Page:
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Published on: Nov 28, 2012
Bangladesh tailender Abul Hasan took world cricket by storm, slamming a century on Test debut against West Indies. Although the Caribbean’s recovered from the Hasan blaze to win the Test at Khulna, the stunning knock by Hasan would remain among the best played by a lower-order bat in Test cricket. Coming in to bat at number 10, Hasan blasted 113 in 123 balls with the help of 14 fours and three sixes. Thanks to the special knock, Bangladesh recovered from a precarious 98 for 5 to finish their innings on 387. For the record, it was the first time in 110 years that a number 10 bat had scored a hundred. A look at a few other lower-order batsmen who rocked and, in the process, shocked the opposition
Tino Best: The third Test of the series between England and West Indies at Edgbaston earlier this year was a dead rubber. England won the first two Tests easily and the opening two days of the final Test were rained out. However, Best ensured that the West Indians had something to cheer for. Coming into bat at number 11, he clubbed 95 runs off 112 balls before falling agonisingly close to a well-deserved hundred. Best’s knock featured 14 boundaries and one hit over the fence as the English bowlers, for once in the series were clueless. Best and Denesh Ramdin, who remained unbeaten on a century, elevated the West Indian score from 283 for 9 to 426.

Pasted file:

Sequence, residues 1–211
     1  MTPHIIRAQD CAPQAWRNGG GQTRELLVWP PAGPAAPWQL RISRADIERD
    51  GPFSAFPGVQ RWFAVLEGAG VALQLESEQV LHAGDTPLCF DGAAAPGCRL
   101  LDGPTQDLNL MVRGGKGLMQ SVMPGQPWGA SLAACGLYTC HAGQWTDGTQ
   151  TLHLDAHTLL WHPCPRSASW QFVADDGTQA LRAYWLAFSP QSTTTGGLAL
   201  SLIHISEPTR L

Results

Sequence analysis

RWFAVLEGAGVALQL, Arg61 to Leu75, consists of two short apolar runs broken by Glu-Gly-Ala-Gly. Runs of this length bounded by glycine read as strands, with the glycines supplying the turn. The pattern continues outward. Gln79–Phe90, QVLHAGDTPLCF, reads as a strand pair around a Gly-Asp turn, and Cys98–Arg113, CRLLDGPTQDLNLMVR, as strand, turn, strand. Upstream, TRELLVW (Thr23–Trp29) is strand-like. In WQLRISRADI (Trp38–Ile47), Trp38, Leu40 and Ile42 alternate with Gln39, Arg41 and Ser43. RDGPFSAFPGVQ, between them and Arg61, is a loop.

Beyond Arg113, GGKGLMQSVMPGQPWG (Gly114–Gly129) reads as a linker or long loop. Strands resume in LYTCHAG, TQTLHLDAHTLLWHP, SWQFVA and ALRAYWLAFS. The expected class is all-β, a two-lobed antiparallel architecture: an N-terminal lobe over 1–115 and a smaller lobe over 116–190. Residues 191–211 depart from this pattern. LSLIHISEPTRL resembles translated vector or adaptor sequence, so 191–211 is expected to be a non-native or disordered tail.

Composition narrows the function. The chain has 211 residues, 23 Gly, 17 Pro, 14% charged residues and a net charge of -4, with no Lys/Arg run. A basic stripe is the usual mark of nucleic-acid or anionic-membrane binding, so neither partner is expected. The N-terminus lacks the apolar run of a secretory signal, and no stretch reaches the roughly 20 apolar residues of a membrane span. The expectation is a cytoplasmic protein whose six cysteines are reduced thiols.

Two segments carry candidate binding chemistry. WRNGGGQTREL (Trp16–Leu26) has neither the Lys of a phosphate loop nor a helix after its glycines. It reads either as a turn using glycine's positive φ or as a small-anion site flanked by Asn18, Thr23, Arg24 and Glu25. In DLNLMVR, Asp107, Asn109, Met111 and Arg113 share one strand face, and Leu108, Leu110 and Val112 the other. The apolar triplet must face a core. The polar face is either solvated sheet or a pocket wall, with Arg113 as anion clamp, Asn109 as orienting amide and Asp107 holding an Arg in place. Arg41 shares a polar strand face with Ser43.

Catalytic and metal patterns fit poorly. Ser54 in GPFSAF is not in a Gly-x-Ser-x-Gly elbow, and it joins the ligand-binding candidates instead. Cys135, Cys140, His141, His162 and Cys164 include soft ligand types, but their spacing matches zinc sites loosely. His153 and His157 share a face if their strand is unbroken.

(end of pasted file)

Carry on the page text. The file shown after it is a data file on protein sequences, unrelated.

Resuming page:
Harbhajan Singh: In the opening Test of the series between India and New Zealand, Singh slammed his maiden century. India batted first and scored 487 and New Zealand replied with 459. Batting a second time, India were in big trouble. They staggered to 65 for 5 before VVS Laxman and Singh rescued them. The off-spinner hit India out of trouble, scoring 115 off 193 balls with 11 fours and three sixes. Courtesy Singh’s ton, India recovered to 266.
Shane Warne: The legendary spinner fell agonisingly close to a Test century during the third Test of New Zealand’s tour of Australia in 2001/2002 at Perth. The Kiwis batted first and made 534. In reply, Australia were in trouble at 192 for 6 before Warne bailed them out with the bat. Warne made 99 off 157 balls with 10 fours before Daniel Vettori got the better of him, having him caught.
Umar Gul: During Pakistan’s dubious tour of England in 2010, Gul gave the Pakistanis a rare moment of joy, and that too with the bat at Trent Bridge. After England put up 354, Pakistan stumbled to 47 for 6. The match was all but over by then but Gul smashed 65 from 46 balls, blasting 8 fours and 4 sixes as Pakistan managed to recover to 182. Pakistan went on to lose the game by 354 runs, but Gul definitely gave them a reason to cheer.
--By A Cricket Analyst